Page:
Dental treatment intensity in frail older adults in the last year of life

Xi Chen, Hong Chen, Christian Douglas, John S. Preisser, Stephen K. Shuman

Research output: Contribution to journalArticlepeer-review

18 Scopus citations


Background: Palliative care focusing on pain and infection is recommended for patients who are terminally ill. It is difficult to implement this strategy in practice because of the lack of clear guidelines. The authors conducted a study to examine dental treatment provided to a group of long-term care (LTC) residents in the last year of life. Methods: The authors retrospectively followed 197 LTC residents (60 years or older) in the last year of life to death. On the basis of the dental services patients received between the new patient examination and death, the authors categorized the patients into three groups: no care (NC), limited care (LC) and usual care (UC). The authors developed a multivariable continuation ratio logit model with shared regression coefficients across two logits to identify the factors associated with the end-of-life dental care pattern. Results: The authors found that 50.8 percent of the patients received NC before death. Among those who received treatment, 62.9 percent received UC, and 60.7 percent of the patients in the UC group had completed their treatment in the last three months of life. A three-month increment in survival and having dental insurance resulted in 1.74 (95 percent confidence interval [Cl], 1.32-2.30) and 2.59 (95 percent Cl, 1.03-6.52) times greater odds, respectively, of receiving some dental treatment before death. Neither survival nor dental insurance, however, was associated with dental care intensity in the last year of life (that is, UC versus LC). Conclusions: While most of the patients who were in the last year of life received insufficient dental care, comprehensive treatment was provided commonly to frail patients at the end of life, raising questions about quality of care. Practical Implications. Palliative oral health management needs to be revisited to improve quality of care for frail older adults at the end of life.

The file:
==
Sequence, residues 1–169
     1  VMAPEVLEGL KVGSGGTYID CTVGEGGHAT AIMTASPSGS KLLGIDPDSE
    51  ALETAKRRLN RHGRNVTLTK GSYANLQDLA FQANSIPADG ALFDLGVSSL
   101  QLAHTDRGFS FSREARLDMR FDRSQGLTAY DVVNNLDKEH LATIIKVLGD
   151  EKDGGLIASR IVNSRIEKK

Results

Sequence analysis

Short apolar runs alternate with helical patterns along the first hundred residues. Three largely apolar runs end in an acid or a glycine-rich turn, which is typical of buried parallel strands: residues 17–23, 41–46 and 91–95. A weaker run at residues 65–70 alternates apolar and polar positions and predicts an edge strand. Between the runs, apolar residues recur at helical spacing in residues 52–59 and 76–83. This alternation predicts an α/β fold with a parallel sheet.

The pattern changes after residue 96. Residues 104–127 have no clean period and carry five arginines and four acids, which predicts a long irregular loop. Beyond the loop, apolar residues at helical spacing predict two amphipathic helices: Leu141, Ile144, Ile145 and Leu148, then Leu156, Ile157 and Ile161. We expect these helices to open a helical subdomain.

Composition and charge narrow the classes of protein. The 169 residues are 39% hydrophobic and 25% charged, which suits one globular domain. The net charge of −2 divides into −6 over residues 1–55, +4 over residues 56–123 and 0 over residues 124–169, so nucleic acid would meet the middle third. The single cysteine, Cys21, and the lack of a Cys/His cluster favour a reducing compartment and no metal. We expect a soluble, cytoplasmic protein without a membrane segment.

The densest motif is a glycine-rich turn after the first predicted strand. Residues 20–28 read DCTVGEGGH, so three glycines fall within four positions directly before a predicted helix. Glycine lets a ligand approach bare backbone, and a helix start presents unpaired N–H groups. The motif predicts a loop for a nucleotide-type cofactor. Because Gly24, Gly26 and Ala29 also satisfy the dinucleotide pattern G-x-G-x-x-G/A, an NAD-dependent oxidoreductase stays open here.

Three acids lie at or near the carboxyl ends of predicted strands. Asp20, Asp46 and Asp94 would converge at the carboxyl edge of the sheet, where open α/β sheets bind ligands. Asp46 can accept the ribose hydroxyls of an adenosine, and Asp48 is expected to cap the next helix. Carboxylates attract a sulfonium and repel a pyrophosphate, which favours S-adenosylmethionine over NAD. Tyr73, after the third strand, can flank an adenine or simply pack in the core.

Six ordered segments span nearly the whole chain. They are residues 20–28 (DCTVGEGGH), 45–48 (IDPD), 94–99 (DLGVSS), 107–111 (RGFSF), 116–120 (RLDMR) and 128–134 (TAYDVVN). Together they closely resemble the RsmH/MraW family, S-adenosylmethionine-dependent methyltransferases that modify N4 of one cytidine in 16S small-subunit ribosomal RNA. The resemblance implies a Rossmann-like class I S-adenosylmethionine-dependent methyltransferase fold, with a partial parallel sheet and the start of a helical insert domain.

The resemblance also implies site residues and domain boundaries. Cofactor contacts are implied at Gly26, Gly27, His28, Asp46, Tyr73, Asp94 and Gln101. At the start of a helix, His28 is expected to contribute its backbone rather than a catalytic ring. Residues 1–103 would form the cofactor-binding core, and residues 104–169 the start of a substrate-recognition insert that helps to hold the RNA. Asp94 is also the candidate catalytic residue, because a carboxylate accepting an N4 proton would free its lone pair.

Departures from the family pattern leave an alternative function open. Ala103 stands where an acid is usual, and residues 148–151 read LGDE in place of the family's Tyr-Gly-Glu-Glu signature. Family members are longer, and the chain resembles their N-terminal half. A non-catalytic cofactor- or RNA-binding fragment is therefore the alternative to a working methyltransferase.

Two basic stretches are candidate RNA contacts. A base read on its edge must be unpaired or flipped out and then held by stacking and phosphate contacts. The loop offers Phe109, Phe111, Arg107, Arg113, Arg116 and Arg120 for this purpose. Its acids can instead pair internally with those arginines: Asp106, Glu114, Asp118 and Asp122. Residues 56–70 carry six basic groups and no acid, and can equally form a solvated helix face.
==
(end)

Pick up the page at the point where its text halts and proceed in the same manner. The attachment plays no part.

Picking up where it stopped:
Original languageEnglish (US)
Pages (from-to)1234-1242
Number of pages9
JournalJournal of the American Dental Association
Issue number11
StatePublished - Nov 2013


  • Geriatrics
  • Longterm care
  • Oral health
  • Palliative dentistry
  • Terminal illness


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